CBS 11 Header TXA 21 Header MeTV Header KRLD Header The Fan Header

Local

Plano Gym Development Aims To Help Children With Autism

By Stephanie Lucero, CBS 11 News
View Comments
A 4-year-old autistic boy undergoing intensive therapy. (credit: Getty Images/David Silverman/Newsmakers)

A 4-year-old autistic boy undergoing intensive therapy. (credit: Getty Images/David Silverman/Newsmakers)

(credit: KTVT/KTXA) Stephanie Lucero
Stephanie is an Emmy Award winning veteran reporter for CBS 11 N...
Read More

CBS DFW (con't)

Affordable Care Act Updates: CBSDFW.com/ACA

Health News & Information: CBSDFW.com/Health

PLANO (CBSDFW.COM) – Tom Hise said he doesn’t know if his son will ever be able to verbalize his thoughts, but 10-year-old Robert is active and energetic about his time spent at a Plano gym development for children with autism.

“Kids with autism have a problem getting out of balance and if they’re physically out of balance, their behavior’s out of balance,” Hise said. “So we bring him here. He can get good exercise and he comes out actually feeling calmer, less stress.”

Diana Connor, an occupation physical therapist, works with many children who are autistic. She designed Sensational Movement, which is located on the 1900 Block of North Central Expressway.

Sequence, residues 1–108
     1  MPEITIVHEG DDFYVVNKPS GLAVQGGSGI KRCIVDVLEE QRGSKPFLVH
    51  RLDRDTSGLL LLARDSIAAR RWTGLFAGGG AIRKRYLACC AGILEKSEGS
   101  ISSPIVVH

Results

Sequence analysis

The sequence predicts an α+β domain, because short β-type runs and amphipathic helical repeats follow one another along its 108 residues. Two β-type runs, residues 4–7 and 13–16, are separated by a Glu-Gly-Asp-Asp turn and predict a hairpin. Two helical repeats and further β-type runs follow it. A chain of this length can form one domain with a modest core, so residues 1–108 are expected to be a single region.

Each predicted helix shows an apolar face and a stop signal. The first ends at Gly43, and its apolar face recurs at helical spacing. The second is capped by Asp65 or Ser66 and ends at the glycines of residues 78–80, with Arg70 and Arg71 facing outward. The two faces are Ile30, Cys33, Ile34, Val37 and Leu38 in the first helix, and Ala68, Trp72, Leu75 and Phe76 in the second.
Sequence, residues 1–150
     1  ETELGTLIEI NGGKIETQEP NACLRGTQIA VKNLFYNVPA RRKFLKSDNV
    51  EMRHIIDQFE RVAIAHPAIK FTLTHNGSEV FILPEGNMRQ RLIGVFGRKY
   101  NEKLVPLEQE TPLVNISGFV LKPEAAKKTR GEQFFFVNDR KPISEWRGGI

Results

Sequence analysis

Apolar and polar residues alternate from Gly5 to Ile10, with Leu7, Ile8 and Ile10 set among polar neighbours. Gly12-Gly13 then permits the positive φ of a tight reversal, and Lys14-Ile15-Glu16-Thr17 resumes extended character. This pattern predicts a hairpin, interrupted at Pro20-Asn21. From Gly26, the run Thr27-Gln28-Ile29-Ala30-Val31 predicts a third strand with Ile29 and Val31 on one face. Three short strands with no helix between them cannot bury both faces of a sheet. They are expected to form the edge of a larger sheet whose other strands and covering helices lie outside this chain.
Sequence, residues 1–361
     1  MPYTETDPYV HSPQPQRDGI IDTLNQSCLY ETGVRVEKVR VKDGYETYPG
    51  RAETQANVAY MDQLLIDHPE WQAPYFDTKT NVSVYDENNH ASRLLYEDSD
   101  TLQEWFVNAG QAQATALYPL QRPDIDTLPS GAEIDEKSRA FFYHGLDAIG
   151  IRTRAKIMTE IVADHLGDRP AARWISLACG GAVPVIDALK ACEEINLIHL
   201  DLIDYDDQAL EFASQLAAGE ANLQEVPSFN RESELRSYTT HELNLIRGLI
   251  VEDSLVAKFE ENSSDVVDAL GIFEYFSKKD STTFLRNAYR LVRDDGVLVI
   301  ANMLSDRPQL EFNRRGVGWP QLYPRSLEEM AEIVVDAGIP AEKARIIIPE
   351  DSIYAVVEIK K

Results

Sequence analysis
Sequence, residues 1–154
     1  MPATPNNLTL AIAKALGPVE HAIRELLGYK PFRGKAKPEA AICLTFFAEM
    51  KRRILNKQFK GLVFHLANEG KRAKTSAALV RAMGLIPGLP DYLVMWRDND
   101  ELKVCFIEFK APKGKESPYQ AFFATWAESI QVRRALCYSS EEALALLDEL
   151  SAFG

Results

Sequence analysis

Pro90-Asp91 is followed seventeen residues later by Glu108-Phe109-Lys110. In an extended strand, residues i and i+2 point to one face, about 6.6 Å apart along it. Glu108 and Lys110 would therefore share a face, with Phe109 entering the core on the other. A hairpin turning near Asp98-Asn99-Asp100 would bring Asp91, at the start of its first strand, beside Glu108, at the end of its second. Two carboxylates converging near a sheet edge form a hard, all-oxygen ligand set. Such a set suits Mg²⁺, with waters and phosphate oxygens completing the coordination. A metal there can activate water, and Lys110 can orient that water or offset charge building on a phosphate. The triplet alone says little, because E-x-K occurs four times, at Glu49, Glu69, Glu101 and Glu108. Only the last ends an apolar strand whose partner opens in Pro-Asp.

“We’re not intended to be a substitute for therapy in any way,” Connor said. “There’s thing you can get at therapy that you can’t get here.”

The gym includes a balance beam, trampolines, turning bars and other sensory-based equipment. Hise said his son enjoys a small pool filled with uncooked beans.

Jennifer Deaton said she’s not sure if her four-year-old son Colden is autistic, but she has noticed he has sensory and auditory processing issues.

“I love bring him here because I know I’m going to leave with a very proud, happy child,” Deaton said.

Connor charges $70 per month, per child, which includes one 45-minute session each week.

She evaluates the needs of each child and pairs them up. Others are given one-on-one sessions with a “coach.”

Tiffany Garrison’s five-year-old daughter, Aaliyah, has sensory issues.

Garrison called her a “sensory seeker,” a child who craves physical attention.

“We come here and it kind of releases the stress and enables her to communicate better,” she said. “Once she’s calm she’s able to give the eye contact she needs and then you can begin to request the words.”

View Comments